Nintendo: Delayed Gratification Can Be a Wonderful Thing

In an effort to finish off all the brussels sprouts so you can shift to enjoying the main course, Nintendo has decided to delay The Legend of Zelda for Wii U yet again, to be released in conjunction with the NX in March of 2017. As the NX was also widely rumored to be released this year, this news proved to be quite a disappointment to Nintendo fans, who are now stuck with a big gaping hole where their home console software was supposed to be over the rest of 2016. While this might seem like bad news, good things come to those who wait. Nintendo is clearing the brussels sprouts of Wii U titles off our plate so that all we’re left with is NX and Zelda, and keeping the big picture in mind, this move will be good for gamers everywhere.

We all know the famous Miyamoto quote that a delayed game is eventually good, but a bad game is bad forever. Of course, we’d like every effort to be made in making the new Zelda be a fantastic adventure. However, rather than the suggestion that they are simply improving the experience with the additional delay, it seems much more likely that they want the release to coincide with the new NX system.

This is a smart move by Nintendo. Launching the new Zelda alongside the NX will help give their new system a boost in sales right off the bat. Along with giving developers more time to produce games for the new hardware, this movement to ensure a strong start for the NX makes sense for consumers, even if we don’t see it right now.

A healthy launch lineup for the NX means the system will sell well. Strong sales will result in more developers wanting to support the system, and Nintendo putting more resources toward it.

Ultimately, this delay means more good games on Nintendo’s next system. Yes, 2016 will be incredibly slow, but for those diehard Nintendo fans who crave each new release, at least we’ll have some mobile games to help fill the gap: Nintendo has announced that both Fire Emblem and Animal Crossing will have mobile entries debut in the fall. They promise that both games will be more traditional gaming software, as opposed to Miitomo, meaning that we’ll likely find hours upon hours of enjoyment upon their release.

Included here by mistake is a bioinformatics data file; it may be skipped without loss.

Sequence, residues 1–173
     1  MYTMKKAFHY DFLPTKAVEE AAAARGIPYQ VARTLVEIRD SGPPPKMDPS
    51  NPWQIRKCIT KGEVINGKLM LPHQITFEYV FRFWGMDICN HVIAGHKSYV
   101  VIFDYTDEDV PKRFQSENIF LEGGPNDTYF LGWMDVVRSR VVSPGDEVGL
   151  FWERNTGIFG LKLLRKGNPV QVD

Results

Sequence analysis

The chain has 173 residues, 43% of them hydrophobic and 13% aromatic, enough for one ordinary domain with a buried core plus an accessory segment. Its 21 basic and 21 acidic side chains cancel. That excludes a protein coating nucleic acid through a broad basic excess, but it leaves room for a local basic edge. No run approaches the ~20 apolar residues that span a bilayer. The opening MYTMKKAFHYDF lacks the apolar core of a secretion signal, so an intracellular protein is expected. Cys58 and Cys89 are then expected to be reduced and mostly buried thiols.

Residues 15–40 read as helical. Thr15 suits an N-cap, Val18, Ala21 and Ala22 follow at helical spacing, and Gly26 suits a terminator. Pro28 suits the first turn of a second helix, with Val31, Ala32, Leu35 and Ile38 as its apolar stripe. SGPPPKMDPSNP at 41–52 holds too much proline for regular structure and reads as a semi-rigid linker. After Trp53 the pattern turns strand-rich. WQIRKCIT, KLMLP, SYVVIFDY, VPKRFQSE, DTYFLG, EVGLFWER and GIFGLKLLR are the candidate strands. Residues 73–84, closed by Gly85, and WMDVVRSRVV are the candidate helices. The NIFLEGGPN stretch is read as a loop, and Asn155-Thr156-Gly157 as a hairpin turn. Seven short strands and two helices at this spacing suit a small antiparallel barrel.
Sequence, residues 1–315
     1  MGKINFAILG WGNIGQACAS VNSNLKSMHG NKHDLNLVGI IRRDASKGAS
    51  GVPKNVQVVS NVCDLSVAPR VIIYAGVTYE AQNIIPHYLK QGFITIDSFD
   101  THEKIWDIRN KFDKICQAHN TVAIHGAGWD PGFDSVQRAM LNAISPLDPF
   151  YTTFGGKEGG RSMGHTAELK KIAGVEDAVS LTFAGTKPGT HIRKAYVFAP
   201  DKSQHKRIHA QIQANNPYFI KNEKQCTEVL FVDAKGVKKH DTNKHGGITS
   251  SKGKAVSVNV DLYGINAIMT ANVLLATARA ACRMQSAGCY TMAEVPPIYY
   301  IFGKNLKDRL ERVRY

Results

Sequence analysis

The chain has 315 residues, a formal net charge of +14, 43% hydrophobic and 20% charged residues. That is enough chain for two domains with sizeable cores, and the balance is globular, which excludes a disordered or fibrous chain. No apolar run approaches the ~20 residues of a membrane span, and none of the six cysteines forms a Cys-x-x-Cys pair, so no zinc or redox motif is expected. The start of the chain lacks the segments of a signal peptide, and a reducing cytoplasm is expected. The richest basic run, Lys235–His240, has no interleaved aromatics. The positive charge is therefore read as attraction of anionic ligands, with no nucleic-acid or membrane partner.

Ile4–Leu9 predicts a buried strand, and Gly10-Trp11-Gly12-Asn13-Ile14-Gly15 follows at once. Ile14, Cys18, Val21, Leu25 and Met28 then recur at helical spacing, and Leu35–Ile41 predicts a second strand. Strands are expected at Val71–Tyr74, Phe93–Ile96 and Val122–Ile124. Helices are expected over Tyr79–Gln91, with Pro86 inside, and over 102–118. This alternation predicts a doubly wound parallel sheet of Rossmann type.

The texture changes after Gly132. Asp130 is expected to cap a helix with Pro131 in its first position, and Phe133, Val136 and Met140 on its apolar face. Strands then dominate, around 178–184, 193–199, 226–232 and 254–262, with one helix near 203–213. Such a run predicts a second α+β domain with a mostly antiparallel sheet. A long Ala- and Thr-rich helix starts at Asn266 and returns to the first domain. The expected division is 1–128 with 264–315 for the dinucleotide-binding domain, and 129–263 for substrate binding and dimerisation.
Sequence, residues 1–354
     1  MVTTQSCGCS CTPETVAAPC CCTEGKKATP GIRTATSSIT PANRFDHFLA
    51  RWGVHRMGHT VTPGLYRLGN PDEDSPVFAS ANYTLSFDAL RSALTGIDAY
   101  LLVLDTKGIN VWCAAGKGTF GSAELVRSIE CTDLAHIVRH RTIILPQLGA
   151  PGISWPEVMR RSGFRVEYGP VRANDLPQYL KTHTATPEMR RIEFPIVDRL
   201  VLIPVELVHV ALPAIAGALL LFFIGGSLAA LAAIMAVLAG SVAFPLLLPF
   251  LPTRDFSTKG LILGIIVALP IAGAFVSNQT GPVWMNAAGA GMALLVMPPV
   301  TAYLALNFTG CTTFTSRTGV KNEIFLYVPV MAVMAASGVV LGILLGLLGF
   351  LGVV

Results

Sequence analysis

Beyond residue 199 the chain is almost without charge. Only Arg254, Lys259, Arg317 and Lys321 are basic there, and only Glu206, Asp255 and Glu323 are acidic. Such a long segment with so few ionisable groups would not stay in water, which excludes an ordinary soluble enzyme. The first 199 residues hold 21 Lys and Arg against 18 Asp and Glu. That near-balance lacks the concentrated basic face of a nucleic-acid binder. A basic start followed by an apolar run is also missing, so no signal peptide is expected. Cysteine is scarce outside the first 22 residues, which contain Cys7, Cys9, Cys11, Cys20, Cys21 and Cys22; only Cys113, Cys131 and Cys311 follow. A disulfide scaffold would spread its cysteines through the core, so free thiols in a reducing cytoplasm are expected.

On top of eventually resulting in more games for their next system, this delay makes sense for competitive reasons as well. There are many significant rumors that Playstation and Microsoft are both developing an ungraded version of their own current-gen consoles, and if those are to release in 2016 as well, then this will be quite a packed year for hardware. Not only will we have upgraded versions of the PS4 and Xbox One, virtual reality has exploded on the scene. In particular, Playstation VR’s October release seems like it would be a threat to potential new consoles being released in that window, as that targets the console audience who wish for a plug and play experience. These consumers only have so many disposable dollars to spend, and most simply won’t be able to afford everything that’s coming out. Nintendo is wise to step aside and come in strong early next year.

Relax, everyone, it’s ok. Delayed gratification can be a wonderful thing in the long run.

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